Throughout my reading I laughed. I gasped. I copied quotes. I ran to Bill a dozen times to read aloud passages delightfully crafted, honest, and beautifully shocking. I feel liberated. I want everyone – in church and out of church – to read it. I’ve never seen so clearly where we are. Or where I am.


On Not Clinging to the Light

January 21, 2013

Please see:
Soulwork Toward Sunday: self-guided retreat
Epiphany 3 (year C), January 27, 2013
“The Light of the Spirit’s Initiation”

There is no radiance greater than the light
of the spirit’s initiation;
no wisdom on earth possesses comparable power.
It cannot be measured on the scales
against pearls or precious gems;
no priceless thing can be compared to it;
nothing approaches its inner beauty;
all other beautiful things fail in comparison.
It is more desirable than anything on earth,
and its beauty can even lead the world
captive in desire,
seducing angels and humans alike.

-Narsai of Edessa *

How many [insert your denomination/ parish/ organization/ or your own name HERE] does it take to change a light bulb? Five. One to change it, and four to stand around talking about how much better the old one was.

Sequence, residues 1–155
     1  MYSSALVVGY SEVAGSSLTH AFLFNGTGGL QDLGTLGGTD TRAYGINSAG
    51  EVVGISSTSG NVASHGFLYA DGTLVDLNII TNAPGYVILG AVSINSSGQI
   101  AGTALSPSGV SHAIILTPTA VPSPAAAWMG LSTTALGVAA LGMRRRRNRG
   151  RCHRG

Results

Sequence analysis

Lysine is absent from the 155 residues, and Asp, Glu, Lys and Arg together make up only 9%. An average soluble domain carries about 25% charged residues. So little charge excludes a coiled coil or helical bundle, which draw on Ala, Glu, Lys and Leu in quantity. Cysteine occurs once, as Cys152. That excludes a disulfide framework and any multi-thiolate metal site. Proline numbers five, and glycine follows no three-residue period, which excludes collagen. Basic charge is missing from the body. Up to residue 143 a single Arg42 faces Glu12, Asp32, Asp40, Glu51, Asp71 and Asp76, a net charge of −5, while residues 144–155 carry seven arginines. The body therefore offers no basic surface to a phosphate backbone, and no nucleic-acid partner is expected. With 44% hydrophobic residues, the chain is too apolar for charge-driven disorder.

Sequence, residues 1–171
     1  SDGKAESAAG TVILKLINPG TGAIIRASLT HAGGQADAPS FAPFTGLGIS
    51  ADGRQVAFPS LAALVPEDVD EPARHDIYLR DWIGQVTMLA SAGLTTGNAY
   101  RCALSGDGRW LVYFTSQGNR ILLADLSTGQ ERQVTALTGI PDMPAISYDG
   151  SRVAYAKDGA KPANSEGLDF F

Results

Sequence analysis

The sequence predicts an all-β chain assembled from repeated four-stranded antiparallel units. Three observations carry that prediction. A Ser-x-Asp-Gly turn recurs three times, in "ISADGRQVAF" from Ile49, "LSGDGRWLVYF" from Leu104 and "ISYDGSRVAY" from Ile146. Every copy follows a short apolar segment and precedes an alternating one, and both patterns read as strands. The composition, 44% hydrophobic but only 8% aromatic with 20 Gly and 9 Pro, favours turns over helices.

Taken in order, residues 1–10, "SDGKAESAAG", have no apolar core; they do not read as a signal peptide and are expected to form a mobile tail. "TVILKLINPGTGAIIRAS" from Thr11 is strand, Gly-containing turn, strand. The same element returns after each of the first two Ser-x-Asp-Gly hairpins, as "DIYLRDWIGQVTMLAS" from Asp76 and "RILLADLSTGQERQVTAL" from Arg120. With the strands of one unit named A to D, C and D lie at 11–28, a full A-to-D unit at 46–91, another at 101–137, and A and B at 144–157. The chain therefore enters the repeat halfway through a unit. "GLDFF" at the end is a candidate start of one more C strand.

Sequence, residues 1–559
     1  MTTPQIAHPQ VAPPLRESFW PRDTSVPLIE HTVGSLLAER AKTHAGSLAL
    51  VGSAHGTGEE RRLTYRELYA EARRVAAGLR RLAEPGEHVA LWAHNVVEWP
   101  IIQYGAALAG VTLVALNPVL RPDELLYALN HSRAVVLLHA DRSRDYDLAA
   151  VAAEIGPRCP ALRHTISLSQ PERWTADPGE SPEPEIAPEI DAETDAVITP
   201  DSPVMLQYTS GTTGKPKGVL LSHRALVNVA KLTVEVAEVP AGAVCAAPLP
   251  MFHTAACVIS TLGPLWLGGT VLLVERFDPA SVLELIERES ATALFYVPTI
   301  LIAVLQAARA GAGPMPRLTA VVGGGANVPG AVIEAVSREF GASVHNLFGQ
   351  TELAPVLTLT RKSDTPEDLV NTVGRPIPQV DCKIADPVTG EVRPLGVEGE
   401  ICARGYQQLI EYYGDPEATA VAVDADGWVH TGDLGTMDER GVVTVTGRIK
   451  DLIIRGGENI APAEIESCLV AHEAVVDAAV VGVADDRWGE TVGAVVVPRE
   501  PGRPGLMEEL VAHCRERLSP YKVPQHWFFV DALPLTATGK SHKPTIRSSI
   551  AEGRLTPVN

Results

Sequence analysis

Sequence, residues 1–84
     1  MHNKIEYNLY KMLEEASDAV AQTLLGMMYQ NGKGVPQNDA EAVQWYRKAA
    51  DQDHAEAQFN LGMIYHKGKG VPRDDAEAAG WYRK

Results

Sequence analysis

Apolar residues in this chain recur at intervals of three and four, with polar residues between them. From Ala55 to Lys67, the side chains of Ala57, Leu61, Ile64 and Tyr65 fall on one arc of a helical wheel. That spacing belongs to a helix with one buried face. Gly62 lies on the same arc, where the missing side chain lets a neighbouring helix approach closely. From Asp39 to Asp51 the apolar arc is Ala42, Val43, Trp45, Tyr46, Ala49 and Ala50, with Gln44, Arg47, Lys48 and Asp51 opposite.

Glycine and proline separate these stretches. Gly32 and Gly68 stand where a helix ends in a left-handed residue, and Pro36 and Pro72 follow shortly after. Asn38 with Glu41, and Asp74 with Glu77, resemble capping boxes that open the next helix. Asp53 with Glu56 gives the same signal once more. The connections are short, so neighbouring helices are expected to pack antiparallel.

David praying, French Miniaturist, Bible of Haidenburg, 1300-20

One temptation of a life of prayer is to enshrine the “soul’s initiation.” Instead of realizing the experience of conversion nudges you into the long, deep, wide journey of the soul, you want to access that one energy over and over like grabbing brass rings on a carousel. So you go in circles instead of moving forward. And you wonder why God has “abandoned” you! The Spirit has moved on, waiting for you to move on, too. (I go before you to prepare a place for you… so that where I am, you may be also. -John 14:2-3)